“No one wants to run for fear of offending Short or the Official Family,” Everett said. “If I were to nominate someone, that person would be marked.”
The only people who benefit from this kind of divide are our employers!
Although the union’s locals elect their own officers and hire their own staff, Short maintains close ties to a coterie of powerful business agents and executive directors. Some union officials earn extra income from jobs Short grants them under union rules.
One of Short’s closest advisors is his brother Dale, a Cleveland-area attorney whose law firm was paid more than $100,000 in legal fees between mid-2005 and April 2006, according to union filings. Dale Short also received about $80,000 in salary in 2005 as business manager for a Cleveland local.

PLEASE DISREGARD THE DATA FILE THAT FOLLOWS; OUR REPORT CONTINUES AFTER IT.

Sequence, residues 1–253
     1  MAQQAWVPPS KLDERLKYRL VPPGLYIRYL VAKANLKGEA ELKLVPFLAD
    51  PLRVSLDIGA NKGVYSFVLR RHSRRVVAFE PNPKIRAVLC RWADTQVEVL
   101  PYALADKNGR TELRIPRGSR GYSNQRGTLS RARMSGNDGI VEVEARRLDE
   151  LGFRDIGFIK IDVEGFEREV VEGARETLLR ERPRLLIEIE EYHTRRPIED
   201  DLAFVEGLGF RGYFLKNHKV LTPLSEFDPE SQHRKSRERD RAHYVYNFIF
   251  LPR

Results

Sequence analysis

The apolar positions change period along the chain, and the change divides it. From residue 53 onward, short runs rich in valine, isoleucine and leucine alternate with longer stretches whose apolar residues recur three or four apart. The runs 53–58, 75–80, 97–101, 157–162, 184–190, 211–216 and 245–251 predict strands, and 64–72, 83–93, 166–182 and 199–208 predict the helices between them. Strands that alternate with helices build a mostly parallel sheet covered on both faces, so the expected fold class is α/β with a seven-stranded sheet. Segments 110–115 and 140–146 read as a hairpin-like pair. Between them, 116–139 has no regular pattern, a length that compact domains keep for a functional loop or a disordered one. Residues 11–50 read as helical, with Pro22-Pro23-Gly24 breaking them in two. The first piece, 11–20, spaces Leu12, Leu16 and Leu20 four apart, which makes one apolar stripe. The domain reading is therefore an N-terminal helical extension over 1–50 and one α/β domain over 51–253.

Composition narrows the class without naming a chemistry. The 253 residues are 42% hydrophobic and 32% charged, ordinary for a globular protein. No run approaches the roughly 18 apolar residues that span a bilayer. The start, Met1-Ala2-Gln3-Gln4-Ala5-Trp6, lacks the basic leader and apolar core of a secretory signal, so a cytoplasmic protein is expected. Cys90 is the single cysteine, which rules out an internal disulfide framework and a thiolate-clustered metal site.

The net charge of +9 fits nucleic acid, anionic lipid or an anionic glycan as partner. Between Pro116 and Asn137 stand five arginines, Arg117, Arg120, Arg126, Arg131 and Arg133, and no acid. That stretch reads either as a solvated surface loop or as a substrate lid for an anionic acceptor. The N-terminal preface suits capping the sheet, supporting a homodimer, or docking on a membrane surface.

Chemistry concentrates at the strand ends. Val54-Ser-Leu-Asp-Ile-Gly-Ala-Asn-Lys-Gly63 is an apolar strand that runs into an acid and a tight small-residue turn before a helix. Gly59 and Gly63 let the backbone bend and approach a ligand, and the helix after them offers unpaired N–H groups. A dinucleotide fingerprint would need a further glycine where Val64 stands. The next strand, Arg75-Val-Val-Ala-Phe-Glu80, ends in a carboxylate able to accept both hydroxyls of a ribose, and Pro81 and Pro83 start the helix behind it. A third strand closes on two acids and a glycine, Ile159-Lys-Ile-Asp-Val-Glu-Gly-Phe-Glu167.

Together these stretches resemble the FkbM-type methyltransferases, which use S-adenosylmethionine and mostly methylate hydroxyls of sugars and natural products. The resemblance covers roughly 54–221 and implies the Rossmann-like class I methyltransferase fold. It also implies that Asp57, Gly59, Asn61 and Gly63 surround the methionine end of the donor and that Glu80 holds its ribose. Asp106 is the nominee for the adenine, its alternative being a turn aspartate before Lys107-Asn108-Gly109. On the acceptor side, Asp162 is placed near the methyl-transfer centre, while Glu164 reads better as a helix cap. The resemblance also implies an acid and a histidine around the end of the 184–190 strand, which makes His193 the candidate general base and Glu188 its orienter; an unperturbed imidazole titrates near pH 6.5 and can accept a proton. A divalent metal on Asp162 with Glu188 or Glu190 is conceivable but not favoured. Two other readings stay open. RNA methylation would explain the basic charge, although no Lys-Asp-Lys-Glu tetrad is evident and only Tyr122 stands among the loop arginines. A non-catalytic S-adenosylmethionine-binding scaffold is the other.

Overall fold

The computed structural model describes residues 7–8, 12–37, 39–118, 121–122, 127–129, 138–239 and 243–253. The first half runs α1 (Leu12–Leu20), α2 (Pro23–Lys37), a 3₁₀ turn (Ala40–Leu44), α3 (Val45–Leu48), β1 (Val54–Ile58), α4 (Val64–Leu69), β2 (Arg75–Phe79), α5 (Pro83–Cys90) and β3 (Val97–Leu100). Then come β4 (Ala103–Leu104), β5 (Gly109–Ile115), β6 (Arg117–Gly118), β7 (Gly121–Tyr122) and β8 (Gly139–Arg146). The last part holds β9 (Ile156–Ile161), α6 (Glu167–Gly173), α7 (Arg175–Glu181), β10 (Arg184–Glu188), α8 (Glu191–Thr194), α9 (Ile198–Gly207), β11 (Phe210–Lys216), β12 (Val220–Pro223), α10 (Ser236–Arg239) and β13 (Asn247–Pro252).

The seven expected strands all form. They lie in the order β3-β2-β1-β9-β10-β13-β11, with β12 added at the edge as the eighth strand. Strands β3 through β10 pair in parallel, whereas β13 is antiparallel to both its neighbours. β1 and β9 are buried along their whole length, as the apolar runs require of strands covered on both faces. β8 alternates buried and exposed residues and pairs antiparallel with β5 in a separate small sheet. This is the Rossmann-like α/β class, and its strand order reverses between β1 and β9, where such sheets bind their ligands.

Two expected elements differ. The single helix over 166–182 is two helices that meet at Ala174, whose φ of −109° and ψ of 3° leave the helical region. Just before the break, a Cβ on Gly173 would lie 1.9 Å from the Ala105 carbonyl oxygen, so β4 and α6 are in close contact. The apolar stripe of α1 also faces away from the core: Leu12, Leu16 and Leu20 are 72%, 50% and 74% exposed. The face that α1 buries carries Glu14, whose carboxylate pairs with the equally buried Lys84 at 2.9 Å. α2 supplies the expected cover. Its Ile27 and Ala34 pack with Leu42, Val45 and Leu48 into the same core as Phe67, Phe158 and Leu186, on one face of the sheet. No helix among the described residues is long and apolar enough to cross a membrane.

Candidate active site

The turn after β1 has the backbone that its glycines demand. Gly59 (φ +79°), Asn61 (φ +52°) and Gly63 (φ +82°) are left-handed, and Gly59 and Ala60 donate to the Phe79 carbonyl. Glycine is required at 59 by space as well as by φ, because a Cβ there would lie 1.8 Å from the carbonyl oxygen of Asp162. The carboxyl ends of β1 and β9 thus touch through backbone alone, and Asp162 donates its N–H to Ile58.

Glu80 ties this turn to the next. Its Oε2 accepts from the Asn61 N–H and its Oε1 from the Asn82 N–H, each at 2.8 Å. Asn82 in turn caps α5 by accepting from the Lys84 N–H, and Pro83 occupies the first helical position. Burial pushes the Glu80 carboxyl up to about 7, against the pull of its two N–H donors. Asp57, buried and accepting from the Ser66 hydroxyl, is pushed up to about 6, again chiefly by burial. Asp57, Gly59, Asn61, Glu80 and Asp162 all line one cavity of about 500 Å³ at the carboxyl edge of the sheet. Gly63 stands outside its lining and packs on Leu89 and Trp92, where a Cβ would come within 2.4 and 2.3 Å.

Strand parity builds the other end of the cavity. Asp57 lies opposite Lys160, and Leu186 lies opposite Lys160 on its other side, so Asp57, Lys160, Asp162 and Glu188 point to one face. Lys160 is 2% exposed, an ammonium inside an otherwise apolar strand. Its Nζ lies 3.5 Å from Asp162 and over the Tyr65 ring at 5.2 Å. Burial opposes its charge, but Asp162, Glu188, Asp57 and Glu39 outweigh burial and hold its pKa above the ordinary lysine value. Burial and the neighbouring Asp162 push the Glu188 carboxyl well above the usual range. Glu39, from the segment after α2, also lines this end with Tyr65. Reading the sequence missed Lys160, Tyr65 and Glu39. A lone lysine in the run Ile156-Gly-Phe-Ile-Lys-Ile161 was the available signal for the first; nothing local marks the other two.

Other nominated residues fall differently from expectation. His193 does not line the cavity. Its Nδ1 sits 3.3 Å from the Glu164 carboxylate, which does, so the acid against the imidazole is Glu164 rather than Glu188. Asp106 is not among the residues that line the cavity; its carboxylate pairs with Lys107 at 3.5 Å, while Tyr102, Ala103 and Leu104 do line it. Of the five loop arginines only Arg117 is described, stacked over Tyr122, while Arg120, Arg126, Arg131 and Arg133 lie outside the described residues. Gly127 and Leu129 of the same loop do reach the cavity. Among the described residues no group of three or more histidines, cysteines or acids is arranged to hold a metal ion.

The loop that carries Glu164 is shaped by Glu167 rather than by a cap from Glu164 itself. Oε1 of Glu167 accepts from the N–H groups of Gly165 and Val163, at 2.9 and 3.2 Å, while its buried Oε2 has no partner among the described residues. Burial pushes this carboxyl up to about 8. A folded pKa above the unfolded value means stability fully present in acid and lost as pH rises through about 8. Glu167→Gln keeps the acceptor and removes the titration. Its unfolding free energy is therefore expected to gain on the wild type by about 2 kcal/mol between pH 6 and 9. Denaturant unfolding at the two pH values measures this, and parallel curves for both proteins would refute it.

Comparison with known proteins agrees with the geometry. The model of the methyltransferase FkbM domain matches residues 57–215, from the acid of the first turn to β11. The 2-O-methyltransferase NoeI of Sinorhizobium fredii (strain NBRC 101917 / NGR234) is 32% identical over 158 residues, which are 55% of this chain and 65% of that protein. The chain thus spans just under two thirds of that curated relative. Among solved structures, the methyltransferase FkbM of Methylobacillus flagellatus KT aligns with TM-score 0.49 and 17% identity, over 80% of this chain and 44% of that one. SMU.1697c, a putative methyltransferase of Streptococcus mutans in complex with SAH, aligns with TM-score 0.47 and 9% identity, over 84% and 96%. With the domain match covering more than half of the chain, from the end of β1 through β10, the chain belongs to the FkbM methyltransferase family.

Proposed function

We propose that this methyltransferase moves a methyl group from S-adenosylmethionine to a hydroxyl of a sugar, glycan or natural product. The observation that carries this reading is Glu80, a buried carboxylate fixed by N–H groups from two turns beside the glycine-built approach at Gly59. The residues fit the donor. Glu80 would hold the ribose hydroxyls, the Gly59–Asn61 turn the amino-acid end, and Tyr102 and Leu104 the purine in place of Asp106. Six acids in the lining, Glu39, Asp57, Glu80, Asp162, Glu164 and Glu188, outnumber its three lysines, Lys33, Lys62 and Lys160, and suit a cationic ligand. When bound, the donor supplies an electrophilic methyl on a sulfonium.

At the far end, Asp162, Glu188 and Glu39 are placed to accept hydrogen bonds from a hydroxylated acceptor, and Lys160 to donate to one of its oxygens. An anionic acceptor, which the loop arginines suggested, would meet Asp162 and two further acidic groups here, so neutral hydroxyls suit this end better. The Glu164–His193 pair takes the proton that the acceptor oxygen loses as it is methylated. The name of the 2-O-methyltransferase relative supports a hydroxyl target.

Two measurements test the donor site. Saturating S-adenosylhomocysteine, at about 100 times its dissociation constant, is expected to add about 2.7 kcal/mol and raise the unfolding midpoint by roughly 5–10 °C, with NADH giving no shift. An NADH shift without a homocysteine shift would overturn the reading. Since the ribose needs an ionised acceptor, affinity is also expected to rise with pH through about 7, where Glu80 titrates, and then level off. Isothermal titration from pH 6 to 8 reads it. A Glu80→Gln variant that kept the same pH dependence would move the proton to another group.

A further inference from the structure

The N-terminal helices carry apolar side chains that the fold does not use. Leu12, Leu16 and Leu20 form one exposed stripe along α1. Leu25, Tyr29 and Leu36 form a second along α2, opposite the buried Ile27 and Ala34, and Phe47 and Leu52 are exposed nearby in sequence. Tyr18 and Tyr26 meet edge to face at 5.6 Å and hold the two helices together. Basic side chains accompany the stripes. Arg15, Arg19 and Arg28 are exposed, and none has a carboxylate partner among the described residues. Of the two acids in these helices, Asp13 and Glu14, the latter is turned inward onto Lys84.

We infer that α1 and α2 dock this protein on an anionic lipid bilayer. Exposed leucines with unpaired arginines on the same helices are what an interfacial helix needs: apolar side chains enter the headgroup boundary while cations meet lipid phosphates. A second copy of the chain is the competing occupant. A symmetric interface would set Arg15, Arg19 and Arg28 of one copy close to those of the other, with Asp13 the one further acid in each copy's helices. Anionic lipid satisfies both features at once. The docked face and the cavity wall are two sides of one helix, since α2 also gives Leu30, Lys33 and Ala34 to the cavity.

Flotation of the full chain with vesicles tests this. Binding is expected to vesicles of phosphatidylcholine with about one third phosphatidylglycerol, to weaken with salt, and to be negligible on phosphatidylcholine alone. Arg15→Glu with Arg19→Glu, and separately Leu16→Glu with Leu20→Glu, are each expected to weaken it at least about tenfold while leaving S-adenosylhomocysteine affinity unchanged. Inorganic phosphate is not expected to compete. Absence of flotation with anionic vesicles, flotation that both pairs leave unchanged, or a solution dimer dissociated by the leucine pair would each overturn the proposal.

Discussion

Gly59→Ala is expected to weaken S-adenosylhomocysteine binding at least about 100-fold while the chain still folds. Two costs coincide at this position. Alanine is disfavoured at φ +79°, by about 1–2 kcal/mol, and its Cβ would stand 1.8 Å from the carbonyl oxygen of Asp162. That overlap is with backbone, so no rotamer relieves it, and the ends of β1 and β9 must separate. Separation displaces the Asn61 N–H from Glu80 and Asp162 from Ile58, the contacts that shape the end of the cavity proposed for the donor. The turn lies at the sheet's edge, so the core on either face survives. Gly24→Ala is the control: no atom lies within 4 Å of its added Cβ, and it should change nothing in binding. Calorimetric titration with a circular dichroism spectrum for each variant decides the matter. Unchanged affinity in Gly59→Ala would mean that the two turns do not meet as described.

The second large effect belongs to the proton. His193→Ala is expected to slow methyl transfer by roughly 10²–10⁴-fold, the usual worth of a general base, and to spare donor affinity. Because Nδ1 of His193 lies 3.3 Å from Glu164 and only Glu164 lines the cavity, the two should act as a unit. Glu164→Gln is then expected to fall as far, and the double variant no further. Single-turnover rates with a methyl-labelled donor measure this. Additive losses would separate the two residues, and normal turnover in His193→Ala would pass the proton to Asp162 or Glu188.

Critics say Tom Short keeps locals in line through his ability to revoke union charters, oversee disciplinary trials and browbeat dissenters.
Pam Mack, a former business agent for an IATSE local, said she crossed Short over a sexual harassment lawsuit filed by one of her members against the crafts services department at Paramount Pictures.
“He said, either you make it go away or you go away,” Mack recalled.
The suit was settled. But within a year Mack, who also clashed with Short over a merger involving her local, was ousted. She called the action retaliation by Short.
“If you go against Tom Short,” Mack said, “it’s over.”
For he’s a Jolly Goodfella, for he’s a Jolly Goodfella, for he’s a Jolly Goodfella, which nobody better deny!
Mr. Smith Goes to Washington.
A Hollywood 101 course for Capitol Hill
Stars descend on Washington today to teach lawmakers about the industry’s economic importance.
By Jim Puzzanghera
Times Staff Writer
February 6, 2007
WASHINGTON Hollywood plans to show the nation’s capital today that it’s more than just a pretty face, with the help of some of its most recognizable ones.